Presenters Jimmy Fallon, left, and Jay Leno pose backstage at the 70th Annual Golden Globe Awards at the Beverly Hilton Hotel on Sunday Jan. 13, 2013, in Beverly Hills, Calif.
The most telling line in the Jay Leno and Jimmy Fallon "West Side Story"-style duet that bridged The Tonight Show" and "Late Night" on April Fools’ Day came when they sang away any hint of friction.
“Tonight, Tonight,” they crooned. “Why do they say we fight? I like you. You like me. We’re okay.”
The song parody went a long way toward upholding the nice-guy images both NBC hosts work hard to project – and marked a united humor front amid reports
of a new "Tonight Show" shakeup in the works. Perhaps more notably, the surprise Leno-Fallon collaboration offered the best instance of cross-pollination in the crowded, sharp-tongue-filled late night comedy field since bitter competitors Leno and David Letterman teamed for a classic Super Bowl spot
three years ago.
The duo, who once both coveted Johnny Carson's late night throne, sat on a couch, buffered by Oprah Winfrey, in the 2010 game-day promo for CBS’s “Late Show.” In Monday’s “West Side Story” spoof, Leno and Fallon sang over the phone, separated by West Coast and East Coast, but joined in the cause of comedy
The two men have enjoyed a friendly on-screen relationship, as did Leno and Fallon’s predecessor, Conan O’Brien, before things went sour. Jimmy Kimmel’s 2010 appearance, via satellite, on “The Tonight Show” made for some explosive
television, largely at Leno’s expense.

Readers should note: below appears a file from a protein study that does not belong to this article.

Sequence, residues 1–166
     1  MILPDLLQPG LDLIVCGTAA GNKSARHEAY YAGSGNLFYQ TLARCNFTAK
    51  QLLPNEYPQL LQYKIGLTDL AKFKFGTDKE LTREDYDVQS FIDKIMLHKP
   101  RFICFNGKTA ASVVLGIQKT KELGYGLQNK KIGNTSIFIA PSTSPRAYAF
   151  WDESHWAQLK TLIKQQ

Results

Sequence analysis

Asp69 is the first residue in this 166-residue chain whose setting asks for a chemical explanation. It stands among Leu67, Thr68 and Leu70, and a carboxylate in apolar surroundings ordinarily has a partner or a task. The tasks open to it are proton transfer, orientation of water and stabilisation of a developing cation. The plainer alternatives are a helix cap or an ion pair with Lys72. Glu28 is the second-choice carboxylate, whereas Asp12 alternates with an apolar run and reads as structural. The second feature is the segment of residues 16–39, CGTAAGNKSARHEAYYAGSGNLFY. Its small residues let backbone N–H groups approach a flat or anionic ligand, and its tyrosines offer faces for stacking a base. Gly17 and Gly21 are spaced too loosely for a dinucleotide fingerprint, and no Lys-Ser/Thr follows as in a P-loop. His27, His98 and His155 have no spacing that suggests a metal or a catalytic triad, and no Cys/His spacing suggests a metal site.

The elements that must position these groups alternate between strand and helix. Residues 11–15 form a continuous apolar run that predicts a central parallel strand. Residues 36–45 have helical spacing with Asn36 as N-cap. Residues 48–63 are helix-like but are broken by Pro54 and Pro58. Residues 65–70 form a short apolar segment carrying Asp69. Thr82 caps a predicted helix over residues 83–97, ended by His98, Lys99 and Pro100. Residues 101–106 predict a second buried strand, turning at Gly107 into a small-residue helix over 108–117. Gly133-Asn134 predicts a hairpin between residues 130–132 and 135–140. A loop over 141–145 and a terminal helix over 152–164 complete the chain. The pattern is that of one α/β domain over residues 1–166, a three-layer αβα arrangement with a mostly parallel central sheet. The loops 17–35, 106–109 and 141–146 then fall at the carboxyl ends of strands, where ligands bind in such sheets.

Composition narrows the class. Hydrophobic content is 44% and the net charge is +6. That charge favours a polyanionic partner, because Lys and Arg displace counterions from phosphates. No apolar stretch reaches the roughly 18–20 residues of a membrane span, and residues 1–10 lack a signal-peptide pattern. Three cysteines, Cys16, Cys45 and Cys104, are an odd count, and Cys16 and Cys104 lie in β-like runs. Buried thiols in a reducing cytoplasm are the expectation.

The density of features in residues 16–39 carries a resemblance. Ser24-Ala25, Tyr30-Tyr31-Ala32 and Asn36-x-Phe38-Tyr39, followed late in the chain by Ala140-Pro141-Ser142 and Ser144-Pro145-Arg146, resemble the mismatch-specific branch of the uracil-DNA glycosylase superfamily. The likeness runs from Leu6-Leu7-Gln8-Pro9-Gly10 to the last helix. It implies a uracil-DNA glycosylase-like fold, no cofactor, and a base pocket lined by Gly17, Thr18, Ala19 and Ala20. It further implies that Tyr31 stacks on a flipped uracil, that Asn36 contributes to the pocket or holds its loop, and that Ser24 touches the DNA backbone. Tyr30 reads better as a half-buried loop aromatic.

Fallon, meanwhile, has collaborated for laughs with some of his late night cohorts. He and Colin Ferguson regularly waved to one another wearing Mickey Mouse gloves, and shot virtual spaghetti across the airwaves. “Instead of pretending to hate [Fallon], I pretend to like him,” Ferguson once cracked.
Fallon and Stephen Colbert waged a fake war over whose Ben & Jerry’s flavor of ice cream is better, and teamed on “Late Night” in 2011 for an epic version
of the viral pop confection “Friday.” More recently, they paired on an “Ebony and Ivory” takeoff that declared a fake détente: “Ivory and Ivory. I can tolerate you and you don’t mind me.”
Fallon and Colbert share a talent for song as well as comedy – which made it all the more significant that Leno trekked into musical territory (via an apparently dubbed basso profundo singing voice) for Monday’s Internet friendly duet with Fallon, who enjoys a strong online following.
TV hosts get into tricky territory when their future becomes fodder for humor. Leno and Fallon pulled off their meta gag in style – but only time will tell if there's an encore. Meanwhile, check out their funny take on "Tonight":
Hester is founding director of the award-winning, multi-media NYCity News Service at the City University of New York Graduate School of Journalism. He is the former City Editor of the New York Daily News, where he started as a reporter in 1992. Follow him on Twitter.
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